More broadly, it seems to me that all the plausible notions of human flourishing, etc., are sufficiently coarse-grained to allow for gay or straight relationships, and those conceptions of the human being's natural function that are fine-grained enough to rule out SS relationships are, in virtue of this, manifestly implausible. See for example John Finnis and David Bradshaw: their arguments seem to rely on the idea that SS relationships provide none of the emotional benefits of straight relationships, which is not something you'd think if you actually know any gay people.
(b) the well-being of the children.
It would be surprising if there's some deep reason why children raised by SS parents would be worse-off than those raised by heterosexual parents. Most of the harm-- he said, from his armchair-- would result from, say, schoolyard taunting, not from the two mommies themselves. And we'd expect this to taper off, since homosexuality has already become the love that won't shut up.
If this is not true, we could, of course, restrict adoption accordingly; this is an issue that's distinct from marriage. I admit I'm being willfully naive here, since it might in fact be hard to resist the pressure to treat all married couples similarly when it comes to adoption, but I'm fairly confident that the empirical claim on which the objection rests is false, so I'm not too worried about this.
(c) gay marriage is unnecessary:
There is no need to wholly redefine marriage in order to accommodate concerns frequently raised by homosexual activists. Hospital visitation rights, end of life decisions, and property transfers can be accomplished through other legal instruments such as wills and power of attorney.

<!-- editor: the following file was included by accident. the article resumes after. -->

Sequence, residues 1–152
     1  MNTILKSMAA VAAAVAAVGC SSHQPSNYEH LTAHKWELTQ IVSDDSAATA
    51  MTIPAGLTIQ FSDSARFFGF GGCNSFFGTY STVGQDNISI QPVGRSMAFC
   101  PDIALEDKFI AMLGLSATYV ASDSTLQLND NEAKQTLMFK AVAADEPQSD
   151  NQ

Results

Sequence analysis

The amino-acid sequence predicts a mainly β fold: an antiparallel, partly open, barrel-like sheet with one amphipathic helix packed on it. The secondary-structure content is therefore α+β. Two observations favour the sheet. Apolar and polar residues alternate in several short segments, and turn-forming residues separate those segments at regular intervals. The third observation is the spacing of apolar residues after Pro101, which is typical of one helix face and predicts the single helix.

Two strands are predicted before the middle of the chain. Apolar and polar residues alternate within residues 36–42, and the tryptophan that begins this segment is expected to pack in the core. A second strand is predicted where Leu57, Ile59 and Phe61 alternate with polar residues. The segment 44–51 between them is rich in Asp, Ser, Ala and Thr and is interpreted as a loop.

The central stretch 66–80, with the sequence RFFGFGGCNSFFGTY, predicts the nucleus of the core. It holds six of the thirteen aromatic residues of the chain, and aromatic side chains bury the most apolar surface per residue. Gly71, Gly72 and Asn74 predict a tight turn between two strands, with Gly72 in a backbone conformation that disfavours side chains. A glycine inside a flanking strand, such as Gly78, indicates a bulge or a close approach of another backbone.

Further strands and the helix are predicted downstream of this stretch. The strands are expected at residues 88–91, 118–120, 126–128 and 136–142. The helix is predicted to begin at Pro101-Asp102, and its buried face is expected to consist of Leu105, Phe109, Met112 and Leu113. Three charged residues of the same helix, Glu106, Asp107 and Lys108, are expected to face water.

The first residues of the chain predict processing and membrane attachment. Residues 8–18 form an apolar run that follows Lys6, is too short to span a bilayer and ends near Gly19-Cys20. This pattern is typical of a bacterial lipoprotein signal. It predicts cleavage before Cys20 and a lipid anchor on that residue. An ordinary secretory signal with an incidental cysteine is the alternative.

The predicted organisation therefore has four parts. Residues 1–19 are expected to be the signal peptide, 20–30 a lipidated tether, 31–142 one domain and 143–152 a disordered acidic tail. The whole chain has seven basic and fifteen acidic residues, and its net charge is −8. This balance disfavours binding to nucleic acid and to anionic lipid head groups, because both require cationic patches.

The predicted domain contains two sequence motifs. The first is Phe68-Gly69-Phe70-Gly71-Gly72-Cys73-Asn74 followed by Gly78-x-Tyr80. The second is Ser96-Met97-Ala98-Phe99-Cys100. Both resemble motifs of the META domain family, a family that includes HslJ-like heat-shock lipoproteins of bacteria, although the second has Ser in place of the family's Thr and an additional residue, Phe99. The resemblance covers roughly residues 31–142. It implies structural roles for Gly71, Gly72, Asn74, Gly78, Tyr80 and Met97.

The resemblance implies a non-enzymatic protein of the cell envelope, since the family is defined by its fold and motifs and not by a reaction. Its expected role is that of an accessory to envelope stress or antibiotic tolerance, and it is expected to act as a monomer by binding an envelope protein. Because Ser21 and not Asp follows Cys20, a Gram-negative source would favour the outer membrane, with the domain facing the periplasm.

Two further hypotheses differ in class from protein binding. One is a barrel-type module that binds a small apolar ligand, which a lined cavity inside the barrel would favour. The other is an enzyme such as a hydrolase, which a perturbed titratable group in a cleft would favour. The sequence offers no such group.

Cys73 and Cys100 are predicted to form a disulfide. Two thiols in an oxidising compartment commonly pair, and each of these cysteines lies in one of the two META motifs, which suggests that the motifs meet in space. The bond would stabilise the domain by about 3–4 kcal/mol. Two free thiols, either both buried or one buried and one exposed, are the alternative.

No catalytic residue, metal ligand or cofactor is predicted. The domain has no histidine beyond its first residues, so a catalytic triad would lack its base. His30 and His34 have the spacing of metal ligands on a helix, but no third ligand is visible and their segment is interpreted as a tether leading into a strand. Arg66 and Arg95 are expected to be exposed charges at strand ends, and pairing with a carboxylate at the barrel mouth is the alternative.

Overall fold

This is just false. First, there are some rights (immigration is my favorite) that are not available to gay couples. This isn't a philosopher's counterexample-- I watched a friend spend a year worrying that he and his partner would have to live on different continents because their relationship could not ensure joint citizenship. People with hearts find this heartbreaking; yet Gary Bauer seems to be unaware of the existence of foreign nationals. Second, I think-- please correct me if I'm wrong on this-- that the 'substitute rights' are not as robust, legally, as those that come with marriage. End-of-life and inheritance directives are often subject to legal challenge, and many of the tools Bauer mentions are more frail than the heterosexual alternative.
(d) gay sex is dangerous: